Further demonstrating the power of artificial intelligence when it comes to photorealistically altering footage, researchers from Disney have revealed a new aging/de-aging tool that can make an actor look convincingly older or younger, without the need for weeks of complex and expensive visual effects work. When watching a blockbuster movie like 2018's Ant-Man and the Wasp, most viewers can easily spot the work of the many visual effects studios that contribute to these films, what with their flashy moments when Ant-Man shrinks or grows to gigantic proportions. But it's sometimes the more subtle VFX work that can be the hardest to achieve photorealistic results with, like the shots featuring younger versions of actors Michelle Pfeiffer and Michael Douglas. To get results like those seen in the movie, talented artists either need to spend weeks erasing wrinkles and other telltale signs of age from an actor's face, or entirely replace it with a computer-generated double. Visual effects are a powerful filmmaking tool, but there are plenty of reasons to find ways to make them easier to create; from lightening the load on already over-worked and underpaid artists, to making the tools accessible to filmmakers not working with immense Hollywood-sized budgets.
Artificial intelligence has infiltrated countless industries -- from AI-powered art to language processing. Now, AI technology might have promising potential for the medical world. At the annual meeting of the Radiological Society of North America, researchers shared preliminary findings on the use of artificial intelligence in predicting the 10-year risk of death from a heart attack or stroke -- all with a single chest X-ray. The researchers used about 150,000 chest X-rays to train AI to recognize risk patterns associated with severe cardiovascular events. They then tested the technology on about 11,000 people and found a "significant association" between real-life cardiovascular events and risks predicted by the AI.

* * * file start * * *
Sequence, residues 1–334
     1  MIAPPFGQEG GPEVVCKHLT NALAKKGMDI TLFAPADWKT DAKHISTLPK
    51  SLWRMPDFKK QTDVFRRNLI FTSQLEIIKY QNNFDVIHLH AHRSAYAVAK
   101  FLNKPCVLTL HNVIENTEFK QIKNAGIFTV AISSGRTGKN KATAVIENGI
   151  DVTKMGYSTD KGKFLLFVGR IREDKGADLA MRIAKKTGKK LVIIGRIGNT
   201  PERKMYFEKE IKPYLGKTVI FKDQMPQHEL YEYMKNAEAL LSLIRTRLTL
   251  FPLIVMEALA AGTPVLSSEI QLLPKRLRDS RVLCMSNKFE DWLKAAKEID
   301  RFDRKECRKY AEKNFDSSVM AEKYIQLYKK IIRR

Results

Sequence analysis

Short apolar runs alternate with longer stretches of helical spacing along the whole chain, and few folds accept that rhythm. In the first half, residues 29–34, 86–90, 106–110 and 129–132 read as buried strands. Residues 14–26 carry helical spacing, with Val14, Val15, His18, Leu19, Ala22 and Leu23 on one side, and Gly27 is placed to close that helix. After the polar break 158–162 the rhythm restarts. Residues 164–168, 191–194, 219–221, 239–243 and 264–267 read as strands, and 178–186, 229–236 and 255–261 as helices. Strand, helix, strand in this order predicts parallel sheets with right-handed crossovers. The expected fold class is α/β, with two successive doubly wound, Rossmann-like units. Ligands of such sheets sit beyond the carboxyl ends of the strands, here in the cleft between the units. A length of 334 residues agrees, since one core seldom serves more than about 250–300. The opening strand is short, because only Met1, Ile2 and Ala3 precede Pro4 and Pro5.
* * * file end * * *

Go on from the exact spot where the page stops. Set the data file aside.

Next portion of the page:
While artificial intelligence (AI) promises faster and smarter decision making, the Actuaries Institute and the Australian Human Rights Commission (AHRC) worry about potential discrimination and highlight the need to prevent this. To address the issue, they created a Guidance Resource designed to help insurers and actuaries to comply with the federal anti-discrimination legislation when AI is used in pricing or underwriting insurance products. The guidance was developed after a 2021 report by the AHRC that looked at the human rights impacts of new and emerging technologies, including AI-informed decision making. The Actuaries Institute strongly supported the report's recommendations to develop a set guidelines for use by the government and non-government organisations on complying with federal antidiscrimination laws when AI has been used in decision making. It approached the AHRC with a collaboration offer and together they developed these guidelines.